For young Sammy Levin, leaving Poland for America means gaining access to the finer things in life: stick ball, matinees, and a regular supply of ice cream. Unfortunately, attaining his desired lifestyle drives him to join a Jewish gang, with kids whose moral standards continually diverge from Sammy’s own. A prankster with a good heart, Sammy now finds himself expected to skip cheder and participate in various acts of thievery. Conflict between Sammy’s desire live up to his father’s moral and academic expectations and his need to belong fuel this story, and lead him to employ creative solutions for his dilemma. This novel is based loosely on the life of the author’s father. Some of the colorful descriptions — such as how to play stick ball — contain details that bring the time alive for readers. The question of how traditional Sammy’s Judaism will remain in his new country is integrated with veracity into the more universal moral issue of stealing, which layers the novel with the multiplicity and complexity of challenges newcomers have faced. Themes of the New York immigrant story, such as Ellis Island inspections, garment worker’s sweatshops, prejudice, or tough street life are not new to the genre, but told with a lively flair. Experienced readers of the Sydney Taylor books will get a grittier and more realistic side of immigrant life from child’s point of view. For grades 4 – 6.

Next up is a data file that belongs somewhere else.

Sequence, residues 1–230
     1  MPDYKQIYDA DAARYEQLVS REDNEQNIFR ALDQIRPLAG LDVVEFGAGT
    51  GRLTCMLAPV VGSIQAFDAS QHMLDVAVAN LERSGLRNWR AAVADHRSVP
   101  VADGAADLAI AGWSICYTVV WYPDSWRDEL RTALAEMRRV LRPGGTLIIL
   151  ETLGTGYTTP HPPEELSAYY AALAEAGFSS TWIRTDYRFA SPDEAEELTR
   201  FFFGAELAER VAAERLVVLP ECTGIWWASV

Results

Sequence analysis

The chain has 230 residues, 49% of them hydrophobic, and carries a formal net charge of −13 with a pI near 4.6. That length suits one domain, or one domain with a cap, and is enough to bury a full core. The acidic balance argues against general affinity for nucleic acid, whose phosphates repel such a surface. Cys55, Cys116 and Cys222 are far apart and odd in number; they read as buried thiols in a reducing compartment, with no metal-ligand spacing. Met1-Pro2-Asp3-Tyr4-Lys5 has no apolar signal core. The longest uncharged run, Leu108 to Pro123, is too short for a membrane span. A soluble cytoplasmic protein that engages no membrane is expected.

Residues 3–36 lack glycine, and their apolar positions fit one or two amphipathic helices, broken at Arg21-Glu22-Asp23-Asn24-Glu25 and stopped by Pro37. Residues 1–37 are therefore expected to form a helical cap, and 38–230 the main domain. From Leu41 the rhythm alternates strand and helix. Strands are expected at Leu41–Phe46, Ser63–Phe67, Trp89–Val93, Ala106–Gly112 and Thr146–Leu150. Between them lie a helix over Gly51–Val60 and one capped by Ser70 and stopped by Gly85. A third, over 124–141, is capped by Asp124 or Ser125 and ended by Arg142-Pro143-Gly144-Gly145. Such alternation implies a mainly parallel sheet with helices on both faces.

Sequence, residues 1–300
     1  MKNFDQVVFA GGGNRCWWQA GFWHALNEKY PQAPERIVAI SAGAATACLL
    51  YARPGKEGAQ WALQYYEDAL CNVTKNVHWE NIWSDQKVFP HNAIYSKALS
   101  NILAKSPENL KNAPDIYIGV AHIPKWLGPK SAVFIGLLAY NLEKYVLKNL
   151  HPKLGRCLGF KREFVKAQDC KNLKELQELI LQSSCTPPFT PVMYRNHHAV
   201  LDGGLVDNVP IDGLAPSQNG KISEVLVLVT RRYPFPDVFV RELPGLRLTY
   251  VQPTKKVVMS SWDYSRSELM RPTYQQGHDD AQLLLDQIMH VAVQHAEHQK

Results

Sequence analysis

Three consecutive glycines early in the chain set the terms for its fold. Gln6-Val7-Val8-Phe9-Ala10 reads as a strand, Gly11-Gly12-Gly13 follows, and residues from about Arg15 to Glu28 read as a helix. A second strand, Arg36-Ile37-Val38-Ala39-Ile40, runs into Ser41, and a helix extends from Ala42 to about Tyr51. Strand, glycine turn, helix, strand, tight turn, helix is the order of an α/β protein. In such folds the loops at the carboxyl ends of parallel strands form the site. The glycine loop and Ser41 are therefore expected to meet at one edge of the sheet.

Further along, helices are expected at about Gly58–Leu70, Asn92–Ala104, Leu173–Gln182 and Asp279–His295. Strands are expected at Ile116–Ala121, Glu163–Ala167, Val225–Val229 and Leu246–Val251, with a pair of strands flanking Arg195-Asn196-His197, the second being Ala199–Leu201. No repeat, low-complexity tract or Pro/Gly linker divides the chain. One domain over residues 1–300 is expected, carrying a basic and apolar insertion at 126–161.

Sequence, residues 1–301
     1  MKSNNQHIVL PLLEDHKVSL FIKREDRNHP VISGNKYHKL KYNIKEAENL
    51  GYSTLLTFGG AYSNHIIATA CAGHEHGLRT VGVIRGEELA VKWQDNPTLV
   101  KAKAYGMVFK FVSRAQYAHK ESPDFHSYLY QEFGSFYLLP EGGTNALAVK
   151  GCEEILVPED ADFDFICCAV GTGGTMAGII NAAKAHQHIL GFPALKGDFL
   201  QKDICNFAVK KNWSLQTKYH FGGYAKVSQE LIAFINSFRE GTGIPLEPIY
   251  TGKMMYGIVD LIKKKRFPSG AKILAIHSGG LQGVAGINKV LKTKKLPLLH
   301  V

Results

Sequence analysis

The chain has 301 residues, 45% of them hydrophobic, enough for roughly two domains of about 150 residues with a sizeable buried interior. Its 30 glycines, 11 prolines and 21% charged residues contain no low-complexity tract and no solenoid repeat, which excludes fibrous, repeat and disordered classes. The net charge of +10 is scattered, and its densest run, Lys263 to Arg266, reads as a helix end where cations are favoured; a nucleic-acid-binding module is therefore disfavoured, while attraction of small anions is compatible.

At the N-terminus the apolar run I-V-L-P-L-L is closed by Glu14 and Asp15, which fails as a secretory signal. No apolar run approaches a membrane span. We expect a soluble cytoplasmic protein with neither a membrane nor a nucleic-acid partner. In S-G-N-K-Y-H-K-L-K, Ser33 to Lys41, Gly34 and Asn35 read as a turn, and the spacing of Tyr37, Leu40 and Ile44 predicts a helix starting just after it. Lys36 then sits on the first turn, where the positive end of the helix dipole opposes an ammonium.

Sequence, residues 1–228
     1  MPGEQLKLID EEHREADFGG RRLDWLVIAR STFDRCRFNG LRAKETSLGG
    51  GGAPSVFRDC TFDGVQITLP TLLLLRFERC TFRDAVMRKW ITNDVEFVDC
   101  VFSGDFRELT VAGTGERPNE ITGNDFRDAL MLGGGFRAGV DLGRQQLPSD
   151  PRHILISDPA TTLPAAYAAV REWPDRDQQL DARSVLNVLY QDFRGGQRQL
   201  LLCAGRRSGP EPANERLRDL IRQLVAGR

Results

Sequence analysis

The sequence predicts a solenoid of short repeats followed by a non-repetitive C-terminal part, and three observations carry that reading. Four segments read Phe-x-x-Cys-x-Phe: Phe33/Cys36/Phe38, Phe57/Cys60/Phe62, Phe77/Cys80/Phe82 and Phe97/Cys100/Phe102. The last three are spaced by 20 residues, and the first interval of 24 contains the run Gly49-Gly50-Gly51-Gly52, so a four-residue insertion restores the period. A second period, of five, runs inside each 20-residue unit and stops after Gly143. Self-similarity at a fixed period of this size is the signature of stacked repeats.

Natasha Bergson-Michelson MLIS, is the librarian at the Hirschberg Family Childdren’s Library at Peninsula Temple Sholom in Burlingame, CA. Previously, she was librarian for Niehaus RyanWong, Inc. and the McKEnna Group, both in Silicon Valley. She also writes for the online tutorial Googleguide.com.